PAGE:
It looks like Mayor McKelvey has finally caught it! The same disease that all local politicians get after a few years in office. Let's call it the west denial virus. That's the infliction that politicos from the Mahoning Valley get that makes them feel as though they are above the law and can say or do anything without experiencing any political fallout.

Mr. McKelvey's claim that lunch with former childhood friend Mr. Cafaro shouldn't be construed as anything but a celebration of Italian heritage is at best laughable and at worst gives the impression of influence peddling -- especially considering the revelations regarding the bribes that one member of the Cafaro family has admitted to in the case against Jim Traficant.

BILL JOHNSON

Boardman

Tired of deficit spending? Look to third parties

EDITOR:

I was happy to see The Vindicator highlight our national debt in its Aug. 20 editorial. However, with the statement & quot;Republicans and Democrats should have continued to do everything they could to maintain a budget surplus and to use the surplus to pay down the national debt & quot; it appears the Vindicator actually endorses the practice of deficit spending that created the debt.

Republicans and Democrats alike have a history engaging in the practice of deficit spending any time they feel they can't raise taxes enough to support their spending sprees without being voted out of office. This passes the burden on to our children, our grandchildren, and voters who haven't even been born yet. The politicians like this since voters who haven't been born yet can't vote them out of office.

If The Vindicator and its many fine readers are fed up with this practice -- stop voting for it! Perhaps look to candidates of other parties such as the Libertarian Party that tackle this issue in their party platform and won't make promises that future generations will spend their entire lives paying for.

BARRY BECK

Columbiana

Valley hasn't fared well with absentee owners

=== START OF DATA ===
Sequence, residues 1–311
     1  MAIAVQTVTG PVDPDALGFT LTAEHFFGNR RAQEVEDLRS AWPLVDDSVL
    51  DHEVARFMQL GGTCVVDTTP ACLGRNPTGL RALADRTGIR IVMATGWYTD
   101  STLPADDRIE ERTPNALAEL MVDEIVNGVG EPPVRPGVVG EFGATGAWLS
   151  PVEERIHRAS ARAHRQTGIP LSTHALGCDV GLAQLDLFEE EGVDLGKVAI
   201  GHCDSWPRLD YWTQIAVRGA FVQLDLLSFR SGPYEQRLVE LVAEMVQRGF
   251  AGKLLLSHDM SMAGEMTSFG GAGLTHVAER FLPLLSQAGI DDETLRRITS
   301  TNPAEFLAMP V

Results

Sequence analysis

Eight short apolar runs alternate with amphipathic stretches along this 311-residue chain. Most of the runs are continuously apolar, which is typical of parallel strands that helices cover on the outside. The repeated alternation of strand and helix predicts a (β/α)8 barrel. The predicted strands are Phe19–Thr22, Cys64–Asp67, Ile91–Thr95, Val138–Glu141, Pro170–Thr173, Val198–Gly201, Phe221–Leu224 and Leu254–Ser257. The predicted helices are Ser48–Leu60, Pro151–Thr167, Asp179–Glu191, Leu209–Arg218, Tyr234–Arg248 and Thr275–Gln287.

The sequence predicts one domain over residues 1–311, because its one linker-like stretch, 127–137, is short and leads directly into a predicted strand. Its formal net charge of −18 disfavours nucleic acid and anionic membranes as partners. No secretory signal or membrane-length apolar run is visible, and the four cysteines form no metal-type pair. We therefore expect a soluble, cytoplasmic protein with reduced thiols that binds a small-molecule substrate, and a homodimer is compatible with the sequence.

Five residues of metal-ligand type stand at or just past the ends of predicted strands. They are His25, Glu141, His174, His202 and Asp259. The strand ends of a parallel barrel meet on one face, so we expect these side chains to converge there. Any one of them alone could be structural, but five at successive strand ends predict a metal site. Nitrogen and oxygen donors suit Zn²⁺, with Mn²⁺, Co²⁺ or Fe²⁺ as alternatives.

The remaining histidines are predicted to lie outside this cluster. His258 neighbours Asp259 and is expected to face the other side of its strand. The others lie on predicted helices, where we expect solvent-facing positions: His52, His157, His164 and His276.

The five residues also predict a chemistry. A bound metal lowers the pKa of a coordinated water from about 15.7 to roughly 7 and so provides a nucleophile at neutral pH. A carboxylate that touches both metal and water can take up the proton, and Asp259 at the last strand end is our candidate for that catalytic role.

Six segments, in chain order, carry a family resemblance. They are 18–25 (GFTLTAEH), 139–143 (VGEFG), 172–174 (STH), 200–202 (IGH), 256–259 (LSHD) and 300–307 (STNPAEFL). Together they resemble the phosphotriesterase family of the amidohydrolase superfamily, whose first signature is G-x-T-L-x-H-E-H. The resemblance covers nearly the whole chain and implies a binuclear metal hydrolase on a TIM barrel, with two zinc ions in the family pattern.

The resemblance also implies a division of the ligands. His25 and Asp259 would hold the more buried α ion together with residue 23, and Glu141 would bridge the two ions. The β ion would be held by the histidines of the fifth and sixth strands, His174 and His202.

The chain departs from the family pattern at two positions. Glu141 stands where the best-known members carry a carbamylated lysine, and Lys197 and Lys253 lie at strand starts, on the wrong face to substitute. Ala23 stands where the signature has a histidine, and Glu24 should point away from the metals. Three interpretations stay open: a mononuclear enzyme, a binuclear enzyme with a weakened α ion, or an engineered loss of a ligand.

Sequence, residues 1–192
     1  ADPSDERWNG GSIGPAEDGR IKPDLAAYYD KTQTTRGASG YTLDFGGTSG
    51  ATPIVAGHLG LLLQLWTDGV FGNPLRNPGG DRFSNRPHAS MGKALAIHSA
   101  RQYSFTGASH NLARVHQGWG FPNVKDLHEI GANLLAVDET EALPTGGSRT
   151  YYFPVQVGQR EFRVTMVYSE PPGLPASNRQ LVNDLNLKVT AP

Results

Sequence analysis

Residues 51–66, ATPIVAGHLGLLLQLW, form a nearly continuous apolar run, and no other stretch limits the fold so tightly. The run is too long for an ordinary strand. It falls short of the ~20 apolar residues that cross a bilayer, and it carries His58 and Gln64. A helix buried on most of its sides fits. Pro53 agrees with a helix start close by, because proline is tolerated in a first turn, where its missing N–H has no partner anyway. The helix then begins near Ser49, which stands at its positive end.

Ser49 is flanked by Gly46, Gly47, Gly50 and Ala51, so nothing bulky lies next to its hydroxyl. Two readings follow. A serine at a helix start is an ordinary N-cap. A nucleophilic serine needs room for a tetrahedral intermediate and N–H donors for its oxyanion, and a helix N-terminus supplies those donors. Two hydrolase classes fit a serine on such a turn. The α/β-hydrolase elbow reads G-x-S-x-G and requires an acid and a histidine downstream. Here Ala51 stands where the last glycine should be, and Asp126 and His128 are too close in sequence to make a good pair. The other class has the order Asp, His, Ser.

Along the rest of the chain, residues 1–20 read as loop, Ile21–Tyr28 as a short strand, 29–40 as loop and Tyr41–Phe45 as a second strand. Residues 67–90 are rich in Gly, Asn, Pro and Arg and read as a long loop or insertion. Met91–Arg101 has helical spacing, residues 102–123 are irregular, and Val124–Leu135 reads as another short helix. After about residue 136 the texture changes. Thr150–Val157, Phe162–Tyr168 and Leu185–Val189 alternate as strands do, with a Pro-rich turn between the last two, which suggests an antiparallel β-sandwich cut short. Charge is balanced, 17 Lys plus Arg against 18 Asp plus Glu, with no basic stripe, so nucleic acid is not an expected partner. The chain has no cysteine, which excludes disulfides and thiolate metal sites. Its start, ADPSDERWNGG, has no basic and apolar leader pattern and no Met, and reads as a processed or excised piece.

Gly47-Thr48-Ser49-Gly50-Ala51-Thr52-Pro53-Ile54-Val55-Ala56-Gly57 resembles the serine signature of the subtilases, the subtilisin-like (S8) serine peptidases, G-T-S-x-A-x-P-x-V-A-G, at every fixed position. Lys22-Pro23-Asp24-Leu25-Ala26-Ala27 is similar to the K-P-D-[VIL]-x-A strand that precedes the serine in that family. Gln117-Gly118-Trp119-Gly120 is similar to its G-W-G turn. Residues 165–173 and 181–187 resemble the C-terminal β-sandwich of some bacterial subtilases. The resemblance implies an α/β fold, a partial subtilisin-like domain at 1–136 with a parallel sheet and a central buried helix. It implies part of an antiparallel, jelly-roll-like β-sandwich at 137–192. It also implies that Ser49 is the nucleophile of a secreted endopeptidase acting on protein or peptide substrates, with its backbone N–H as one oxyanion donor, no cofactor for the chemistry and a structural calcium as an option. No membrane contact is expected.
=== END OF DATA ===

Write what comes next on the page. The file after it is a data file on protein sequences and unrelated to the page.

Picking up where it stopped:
EDITOR:

The Aug. 18 Vindicator carried these headlines, "Sale of mill sparks fears." Were I an employee of North Star Steel, I would not merely have "fears," I'd be getting my resume up to date and looking for other work.

An oft-quoted statement is, "The past is prologue." Anytime an outside firm has come into our Valley to purchase a viable business, jobs have been lost.

Lykes/LTV came and away went the Youngstown Sheet and Tube and thousands of jobs.

Simon came and away went the DeBartolo Corp., and with it many retirement programs.

National City Bank came and away went the Dollar Bank and 400 of its finest faithful and dedicated employees.

I would not count on the assurances of the Lone Star Technologies managerial people that they plan to keep things pretty much as they have been at North Star Steel. It seems to me I've heard that song before.

If we can rely on the experience of the "past", then the purchase of North Star by Lone Star is likely a "prologue" to a very sad story to follow.

C. H. McGOWEN, M.D.

Howland

Kids 'sneak' into movies

EDITOR:

I attend about 35 movies a year, mostly on Saturday nights.

In the past 18 to 24 months I have observed a disturbing trend. Young children, sometimes infants, attend PG-13 or even R-rated movies. Although adults, most likely parents, are there too, it is not right. Not only are they a distraction, they are seeing inappropriate material.

I understand that an affordable baby-sitter might be hard to find. Certainly there are alternative forms of entertainment then. Games, videos and sports are all available.

The theater management is partially responsible, but ultimately parents must choose to do the right thing.

DAN THOMAS

New Castle, Pa.